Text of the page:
Then, Olympus Viewer 3 is the BEST software out there to optimize the output of Olympus RAW files. The output from Olympus Viewer 3 is visibly better than any other photo-processing softwares, in terms of fine detail reproduction, color balance as well as high ISO noise suppression (while maintaining good amount of detail). I know that Olympus Viewer 3 is slow, laggy, buggy and probably has two dozens more issues that put everyone off and dropping their consideration to integrate it into the photography workflow, I fully understand. I cannot deny the fact that I seriously love the output of the Olympus Viewer 3, consistently giving me excellent JPEG files.
So how come my high ISO image samples (in my review blog entries) show so little noise and yet still maintains so much detail? Olympus Viewer 3. NOISE FILTER OFF (most of the time). Noise filter can be added to further suppress the noise, but at the expense of some details of course.
How can I achieve such incredible sharpness, looking at 100% crops? Did you apply any kind of sharpening? Olympus Viewer 3. NO SHARPENING ADDED. When I set to noise filter off the images always, always come out SHARP.
The photographs have great color rendering. What software was used to process the images? Olympus Viewer 3. I adjust to correct my white balance manually sometimes.
Carmen doing a Selfie with a random kid
Trying out the new Art Filter in E-PL7, Partial Color
7) Having sense of what works, and WHAT Good Photography is.
This is a subjective topic, so I shall thread lightly. There is this important aspect of photography, called "artistic sense". Not everyone has it naturally, some people are gifted with strong artistic sense (they can make wonderful images with very limited experience in photography), there are those who do not originally have artistic sense, but trained to gain better sense (I fall into this category), and there are some (quite a lot actually) that no matter what they do, how desperate they are, the artistic sense is difficult to come to them.
Understanding how a good photograph should look can help you prevent from doing certain things that do not work while shooting. Or more importantly, understanding what a good photograph is, and what does not work will surely help you minimize mistakes in taking photographs. The painful truth is there are many people (especially newcomers) who do not know what is good or bad photography, and just blindly click away expecting somehow, miraculously the images they took will garner many likes in Facbook postings or Flickr Groups.
For myself, it was not easy to develop the artistic sense, it took me many years to learn a few simple things, and even today, sometimes I question myself if I had any at all. How to develop the artistic sense? Immerse yourself in artistic things, listen to music, watch stage art performance, see paintings, read, appreciate poetry, and more importantly, understand yourself and be yourself. While no one can be 100% original, but having ample amount of artistic inspiration will surely help motivate you into pushing your creative boundaries.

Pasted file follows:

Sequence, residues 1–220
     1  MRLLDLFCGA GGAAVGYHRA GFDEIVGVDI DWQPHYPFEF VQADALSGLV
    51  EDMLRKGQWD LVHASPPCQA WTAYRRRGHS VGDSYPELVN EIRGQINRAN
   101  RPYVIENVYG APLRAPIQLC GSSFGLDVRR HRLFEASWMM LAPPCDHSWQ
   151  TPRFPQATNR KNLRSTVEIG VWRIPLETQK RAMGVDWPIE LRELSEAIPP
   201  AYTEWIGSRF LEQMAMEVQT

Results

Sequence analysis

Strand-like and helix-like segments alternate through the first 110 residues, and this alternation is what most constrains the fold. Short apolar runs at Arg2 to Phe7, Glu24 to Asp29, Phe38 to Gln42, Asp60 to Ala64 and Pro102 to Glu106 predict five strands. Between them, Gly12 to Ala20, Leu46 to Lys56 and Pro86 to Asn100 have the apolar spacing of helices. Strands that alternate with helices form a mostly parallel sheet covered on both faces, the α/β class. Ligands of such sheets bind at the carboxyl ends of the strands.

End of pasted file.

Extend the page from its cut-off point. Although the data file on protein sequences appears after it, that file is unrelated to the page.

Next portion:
8) "Robin Wong" style does not exist
I do not have any secrets. I do not hide anything or hold anything back. Friends who are with me, shooting with me, and see the whole process of shooting to blog here, will understand that the "Robin Wong" look is a myth, and I am glad to debunk it here.
See steps 1 to 7, they were usual steps and I have shared them here in blog writing (supplemented with tonnes of images) all this time, nothing is new, nothing is more. There is no special sauce that I use. There is no mysterious technique.
What makes me different from many others?
Perhaps, I shoot a lot MORE than others.
There are so many considerations to making a good photograph, and surely it is not logical to make a full list of items to check when shooting. Nevertheless, my principles and beliefs have been stated here.
I do not trust the camera, I control the camera and manipulate it to get what I want.
I always remind myself that what I see is different from what the camera sees, and I will see my images from the camera's point of view. (EVF or Live View, with What You See Is What You Get)
I strive to achieve most accurate exposure that I want
I make sure my images are in tack-sharp focus, and steadying the camera the best I can to prevent shake.
I shoot RAW and process my images in Olympus Viewer 3 for best high ISO noise control and fine detail reproduction.
If you have followed all these steps, you should be able to achieve the results I normally display here (there are surely many variables to take into account, such as lighting, choice of focal length, etc).
Carmen Hong in action, with E-PL7
Jackie, also trying the E-PL7 out. He has the silver one.
Jackie, Carmen and Emily shooting that poor little baby. Emily uses an E-M10 which she has purchased recently.
Oh... and most importantly...
9) Have Fun while shooting. Enjoy SHUTTER THERAPY.
If you fail to do just this one step, EVERYTHING else before this does not even matter. Trust me.
If you fail to do just this one step, EVERYTHING else before this does not even matter. Trust me.